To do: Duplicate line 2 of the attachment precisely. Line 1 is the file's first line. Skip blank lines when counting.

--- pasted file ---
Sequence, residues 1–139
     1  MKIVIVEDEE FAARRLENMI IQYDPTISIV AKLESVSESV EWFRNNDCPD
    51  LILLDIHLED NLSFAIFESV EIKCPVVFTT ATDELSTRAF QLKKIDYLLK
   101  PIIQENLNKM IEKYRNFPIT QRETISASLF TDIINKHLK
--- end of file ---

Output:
     1  MKIVIVEDEE FAARRLENMI IQYDPTISIV AKLESVSESV EWFRNNDCPD